- Let’s Set Up A Company: In the future, founding a “GmbH” (German pendant of a “Ltd.”) in Germany will be possible online. There won’t be the need to visit a notary anymore. Germany aims to finally digitize parts of its administration and we are curious how long it will take the law to become reality.
WHAT’S ON OUR MINDS
You might have seen the vaccination statistic showing Israel leading the world with an uncatchable almost 70 percent of its population vaccinated. Germany is very much at the bottom in that list with 4.6 percent. LESS-THAN-FIVE-PERCENT.*
Since that is not going so well, and the Covid-numbers are declining, but not enough, Chancellor Merkel and the Prime Ministers, in a rare bout of unity, decided to extend the current lockdown until March 7th for shops, schools, restaurants, and of course, tennis.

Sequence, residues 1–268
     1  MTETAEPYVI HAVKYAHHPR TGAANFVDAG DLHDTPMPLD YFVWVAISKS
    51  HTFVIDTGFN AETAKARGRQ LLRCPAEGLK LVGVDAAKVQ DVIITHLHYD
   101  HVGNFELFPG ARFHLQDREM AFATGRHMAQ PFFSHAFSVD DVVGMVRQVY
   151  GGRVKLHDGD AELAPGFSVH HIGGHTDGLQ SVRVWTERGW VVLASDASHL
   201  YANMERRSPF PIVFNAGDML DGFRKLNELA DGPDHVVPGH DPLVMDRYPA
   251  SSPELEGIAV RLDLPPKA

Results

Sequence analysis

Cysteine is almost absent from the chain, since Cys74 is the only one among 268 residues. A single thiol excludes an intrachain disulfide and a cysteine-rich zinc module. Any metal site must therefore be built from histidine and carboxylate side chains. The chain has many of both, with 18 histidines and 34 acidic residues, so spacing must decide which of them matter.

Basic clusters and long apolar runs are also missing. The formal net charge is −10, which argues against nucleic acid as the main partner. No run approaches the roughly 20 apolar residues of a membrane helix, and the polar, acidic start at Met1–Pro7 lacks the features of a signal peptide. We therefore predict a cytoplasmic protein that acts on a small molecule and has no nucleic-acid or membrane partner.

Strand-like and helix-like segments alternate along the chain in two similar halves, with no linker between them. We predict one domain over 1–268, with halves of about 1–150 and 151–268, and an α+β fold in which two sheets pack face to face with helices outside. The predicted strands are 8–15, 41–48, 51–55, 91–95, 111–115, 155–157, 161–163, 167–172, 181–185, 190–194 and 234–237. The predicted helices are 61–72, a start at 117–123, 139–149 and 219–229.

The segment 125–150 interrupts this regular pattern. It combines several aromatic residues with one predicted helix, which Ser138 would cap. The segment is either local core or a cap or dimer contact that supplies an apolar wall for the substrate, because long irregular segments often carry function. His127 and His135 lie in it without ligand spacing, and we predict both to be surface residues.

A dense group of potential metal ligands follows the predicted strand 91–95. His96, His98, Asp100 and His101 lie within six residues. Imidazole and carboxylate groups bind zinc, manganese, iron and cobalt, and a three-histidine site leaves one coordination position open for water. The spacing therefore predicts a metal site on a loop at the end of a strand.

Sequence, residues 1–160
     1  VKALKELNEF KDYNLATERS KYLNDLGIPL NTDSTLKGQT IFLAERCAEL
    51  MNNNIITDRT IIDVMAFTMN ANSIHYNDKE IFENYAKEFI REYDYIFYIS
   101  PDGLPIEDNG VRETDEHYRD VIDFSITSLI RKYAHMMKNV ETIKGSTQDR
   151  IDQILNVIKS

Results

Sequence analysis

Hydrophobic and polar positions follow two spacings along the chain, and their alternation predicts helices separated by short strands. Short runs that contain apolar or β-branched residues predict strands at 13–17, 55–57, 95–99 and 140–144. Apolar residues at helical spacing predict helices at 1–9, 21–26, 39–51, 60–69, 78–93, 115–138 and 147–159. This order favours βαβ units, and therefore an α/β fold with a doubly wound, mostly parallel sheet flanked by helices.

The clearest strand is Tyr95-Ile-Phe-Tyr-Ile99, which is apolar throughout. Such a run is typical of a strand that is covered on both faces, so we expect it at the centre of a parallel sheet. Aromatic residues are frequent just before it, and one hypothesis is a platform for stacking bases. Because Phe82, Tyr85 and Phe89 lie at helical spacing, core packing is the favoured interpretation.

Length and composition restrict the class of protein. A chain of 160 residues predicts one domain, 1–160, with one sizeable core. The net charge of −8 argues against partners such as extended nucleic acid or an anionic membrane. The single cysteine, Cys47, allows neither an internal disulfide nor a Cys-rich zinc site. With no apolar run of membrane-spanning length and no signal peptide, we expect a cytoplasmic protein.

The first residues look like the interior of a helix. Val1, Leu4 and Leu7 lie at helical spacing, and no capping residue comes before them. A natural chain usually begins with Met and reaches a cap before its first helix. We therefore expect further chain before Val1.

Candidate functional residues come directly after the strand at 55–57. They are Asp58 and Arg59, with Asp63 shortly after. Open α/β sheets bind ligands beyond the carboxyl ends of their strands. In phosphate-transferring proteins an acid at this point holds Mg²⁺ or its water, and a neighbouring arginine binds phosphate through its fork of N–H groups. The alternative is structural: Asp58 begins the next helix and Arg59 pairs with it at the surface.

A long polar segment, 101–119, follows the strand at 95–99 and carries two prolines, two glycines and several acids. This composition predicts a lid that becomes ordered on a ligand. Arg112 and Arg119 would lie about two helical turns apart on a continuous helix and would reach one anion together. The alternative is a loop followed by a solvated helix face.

Guess who‘s exempt? Yup, hairdressers.
Apparently, and this was news to me, hairdressers seem to be of “systemic relevance.” At least until last week, this was the explanation for why some businesses were allowed to keep operating. You know, grocery stores, pharmacies, chiropractors. That kind of stuff. And I don’t feel qualified to assess the general importance of hairdressers to society (and I am very much looking forward to an appointment btw), but how they are more important than schools, shops or the possibility to exercise (on a tennis court for example!) is beyond my understanding.
Honi soit qui mal y pense, but I can’t help thinking that maybe the rapidly growing black market for haircuts and/ or the necessity of occasional TV appearances played a bigger role in that decision…